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How to Write High-Performance C# Code

Optimize early and often

Writing code that runs quickly is sometimes at odds with writing code quickly. C.A.R. Hoare, computer science luminary and discoverer of the QuickSort algorithm, famously proclaimed, "Premature optimization is the root of all evil." The extreme programming design principle of "You Aren't Gonna Need It" (YAGNI) argues against implementing any features, including performance optimizations, until they're needed.

Writing unnecessary code is undoubtedly bad for work efficiency. However, it's important to realize that different situations have different needs. Code for vehicular real-time control systems has inherent up-front responsibilities for stability and performance that aren't present in, say, a small one-off departmental application. Therefore, it's more important in such code to optimize early and often.

Performance tuning for real-world applications often involves activities geared towards finding bottlenecks: in code, in the network transport layer, and at transaction boundaries. However, these techniques alone cannot solve the dreaded problem of uniformly slow code, which surfaces when large bottlenecks have been resolved but the code still exhibits inadequate performance. This is code that has been written without attention to correct usage, often by junior programmers, in the same style across whole modules or applications. Unfortunately, the best solution for this problem is to make sure that all programmers on a project follow correct coding practice when writing the code the first time; coding guidelines and good shared libraries help enormously.

This article presents helpful tips for writing in-process .NET managed code that performs well. It's assumed that basic programming skills such as factoring control structures, pulling work outside of loops whenever possible, caching variables for reuse, use of the switch statement, and the like are known to the average reader.

All code examples referred to in this article can be downloaded from the .NET Developer's Journal Web site, at www.sys-con.com/dotnet/sourcec.cfm. The code comes with a Windows Forms application that can be used to easily view the code and run all the tests on your own machine. You'll need the .NET Runtime 1.1 to run the code.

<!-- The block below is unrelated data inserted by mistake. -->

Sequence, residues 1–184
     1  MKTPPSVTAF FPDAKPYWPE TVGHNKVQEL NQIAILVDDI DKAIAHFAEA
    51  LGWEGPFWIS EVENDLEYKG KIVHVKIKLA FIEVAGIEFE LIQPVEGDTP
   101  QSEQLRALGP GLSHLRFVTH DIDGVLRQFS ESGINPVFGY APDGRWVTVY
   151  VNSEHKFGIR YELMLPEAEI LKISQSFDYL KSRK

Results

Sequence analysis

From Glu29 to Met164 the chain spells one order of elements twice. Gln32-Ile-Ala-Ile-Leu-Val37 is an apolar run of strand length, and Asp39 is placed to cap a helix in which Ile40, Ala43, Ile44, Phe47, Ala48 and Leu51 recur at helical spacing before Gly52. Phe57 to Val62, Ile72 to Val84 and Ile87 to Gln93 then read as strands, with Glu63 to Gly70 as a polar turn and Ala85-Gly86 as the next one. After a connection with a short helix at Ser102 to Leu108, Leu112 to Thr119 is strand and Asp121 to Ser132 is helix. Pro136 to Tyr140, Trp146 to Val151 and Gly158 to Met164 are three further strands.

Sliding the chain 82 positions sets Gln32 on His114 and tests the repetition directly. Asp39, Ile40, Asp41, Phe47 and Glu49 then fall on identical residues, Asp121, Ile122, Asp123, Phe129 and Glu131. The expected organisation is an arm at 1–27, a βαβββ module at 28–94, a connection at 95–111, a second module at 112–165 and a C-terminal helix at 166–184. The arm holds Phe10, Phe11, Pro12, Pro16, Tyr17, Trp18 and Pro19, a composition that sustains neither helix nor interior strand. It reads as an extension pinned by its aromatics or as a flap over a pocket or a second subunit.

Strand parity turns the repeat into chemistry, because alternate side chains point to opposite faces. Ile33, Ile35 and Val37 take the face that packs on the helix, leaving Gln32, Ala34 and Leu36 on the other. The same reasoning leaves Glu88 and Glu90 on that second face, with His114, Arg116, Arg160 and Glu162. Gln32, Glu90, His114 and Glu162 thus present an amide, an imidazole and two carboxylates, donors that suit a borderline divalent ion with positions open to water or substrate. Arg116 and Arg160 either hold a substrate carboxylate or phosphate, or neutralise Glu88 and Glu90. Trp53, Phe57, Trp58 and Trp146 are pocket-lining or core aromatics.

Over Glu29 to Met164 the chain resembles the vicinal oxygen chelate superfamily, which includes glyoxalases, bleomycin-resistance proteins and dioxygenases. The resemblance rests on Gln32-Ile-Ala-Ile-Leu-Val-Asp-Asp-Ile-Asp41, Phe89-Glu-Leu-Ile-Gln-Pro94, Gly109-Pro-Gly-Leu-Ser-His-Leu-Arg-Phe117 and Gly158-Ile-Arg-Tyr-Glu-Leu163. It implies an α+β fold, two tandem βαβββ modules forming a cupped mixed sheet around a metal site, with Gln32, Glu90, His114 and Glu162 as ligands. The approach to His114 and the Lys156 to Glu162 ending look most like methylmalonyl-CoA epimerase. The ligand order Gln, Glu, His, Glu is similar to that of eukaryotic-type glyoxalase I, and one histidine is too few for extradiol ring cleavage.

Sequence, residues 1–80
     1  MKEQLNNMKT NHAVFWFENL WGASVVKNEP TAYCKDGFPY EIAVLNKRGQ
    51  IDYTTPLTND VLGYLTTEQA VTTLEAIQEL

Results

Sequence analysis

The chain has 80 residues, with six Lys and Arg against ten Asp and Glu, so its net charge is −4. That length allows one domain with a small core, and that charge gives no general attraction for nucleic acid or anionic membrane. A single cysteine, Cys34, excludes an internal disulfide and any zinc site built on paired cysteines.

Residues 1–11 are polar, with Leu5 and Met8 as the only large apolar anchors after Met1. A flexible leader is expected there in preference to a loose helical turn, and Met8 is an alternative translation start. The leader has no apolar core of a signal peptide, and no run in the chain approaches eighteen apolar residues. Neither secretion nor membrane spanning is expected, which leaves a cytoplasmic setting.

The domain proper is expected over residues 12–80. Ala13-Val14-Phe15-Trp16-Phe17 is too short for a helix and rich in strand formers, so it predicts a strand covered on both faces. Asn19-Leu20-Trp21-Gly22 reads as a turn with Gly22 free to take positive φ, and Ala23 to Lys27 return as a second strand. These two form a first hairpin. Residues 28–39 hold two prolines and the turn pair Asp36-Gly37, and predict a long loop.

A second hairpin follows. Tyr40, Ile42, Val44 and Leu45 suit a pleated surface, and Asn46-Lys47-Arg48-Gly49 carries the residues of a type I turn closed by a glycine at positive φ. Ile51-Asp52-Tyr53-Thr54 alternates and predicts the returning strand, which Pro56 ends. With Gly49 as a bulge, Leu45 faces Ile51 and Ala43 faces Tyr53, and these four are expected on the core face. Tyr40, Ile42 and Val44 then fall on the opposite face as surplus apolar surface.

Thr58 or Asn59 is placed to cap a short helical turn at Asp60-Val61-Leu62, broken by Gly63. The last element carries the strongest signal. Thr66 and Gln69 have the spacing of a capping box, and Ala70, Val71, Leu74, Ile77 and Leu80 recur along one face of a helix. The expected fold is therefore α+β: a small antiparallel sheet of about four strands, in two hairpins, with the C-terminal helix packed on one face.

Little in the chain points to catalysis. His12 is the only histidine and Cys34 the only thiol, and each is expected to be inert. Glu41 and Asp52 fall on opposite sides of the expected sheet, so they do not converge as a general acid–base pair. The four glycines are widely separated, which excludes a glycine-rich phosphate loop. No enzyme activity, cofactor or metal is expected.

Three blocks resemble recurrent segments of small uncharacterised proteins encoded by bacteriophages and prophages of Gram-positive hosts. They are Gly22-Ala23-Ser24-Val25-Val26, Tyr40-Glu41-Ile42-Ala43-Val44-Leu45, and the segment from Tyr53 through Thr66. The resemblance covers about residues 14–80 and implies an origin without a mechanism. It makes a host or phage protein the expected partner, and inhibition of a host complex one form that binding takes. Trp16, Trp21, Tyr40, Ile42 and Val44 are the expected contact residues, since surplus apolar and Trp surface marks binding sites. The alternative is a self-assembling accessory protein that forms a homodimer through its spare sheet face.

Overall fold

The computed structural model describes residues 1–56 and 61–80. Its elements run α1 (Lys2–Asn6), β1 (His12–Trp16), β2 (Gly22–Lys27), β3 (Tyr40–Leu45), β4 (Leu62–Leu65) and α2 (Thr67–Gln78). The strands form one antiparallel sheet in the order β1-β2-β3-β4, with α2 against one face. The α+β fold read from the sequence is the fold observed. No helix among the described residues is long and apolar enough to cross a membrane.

Tools
While testing tools such as NUnit and the upcoming VS.NET 2005 Team System can help you find bottlenecks, when tuning small sections of code, there's still no substitute for the micro-benchmark. This is because most generic testing frameworks depend on things like delegates, attributes, and/or interface method calls to do testing, and the code usually is not written with benchmarking primarily in mind. This can be very significant if you're interested in measuring the execution time of a batch of code down to the microsecond or even nanosecond level.

A micro-benchmark consists of a tight loop isolating the code that's being tested for performance, with a time reading before and after. When the test has finished, the start time is subtracted from the end time, and this duration is divided by the number of iterations to get the per-iteration time cost. The following code shows a simple micro-benchmark construct:

 


int loopCount = 1000000000;
long startTime, endTime;
double nanoseconds;

startTime = DateTime.Now.Ticks * 100;
for(int x = 0; x < loopCount; x++) {
    // put the code to be tested here
}
endTime = DateTime.Now.Ticks * 100;
nanoseconds = ((double)(endTime - startTime)) / ((double)loopCount);
Console.WriteLine(nanoseconds.ToString("F") + " ns per operation");

When performing a simple micro-benchmark, it's important to remember a couple of things. First, small fluctuations (noise) are normal, so to obtain the most accurate results, each test should be run several times. In particular, the first set of tests executed after program initialization may be skewed due to the lazy acquisition of resources by the .NET runtime. Also, if your results are very inconsistent, you may not have penetrated the "noise floor" of the measurement. The best solution for this is to increase the number of loops and/or tests. Another thing to remember is that looping itself introduces overhead, and for the most accurate readings, you should subtract this from the result. On a P4-M 2-GHz laptop, the per-loop overhead for a for loop with an int counter in release mode is around 1 nanosecond.

I'd never advocate running each code fragment from a long program through micro-benchmarks, but benchmarking is a good way to become familiar with the relative costs of different types of expressions. True knowledge of the performance of your code is built on actual observations. As time goes on, you'll find yourself needing such tests less and less, and you'll keep track in the back of your head of the relative performance of the statements you're writing.

Another important tool is ildasm.exe, the IL disassembler. With it, you can inspect the IL of your release builds to see if your assumptions are correct about what's going on under the covers. IL is not hard to read for a person familiar with the .NET framework; if you're interested in learning more, I suggest starting with Serge Lidin's book on the subject.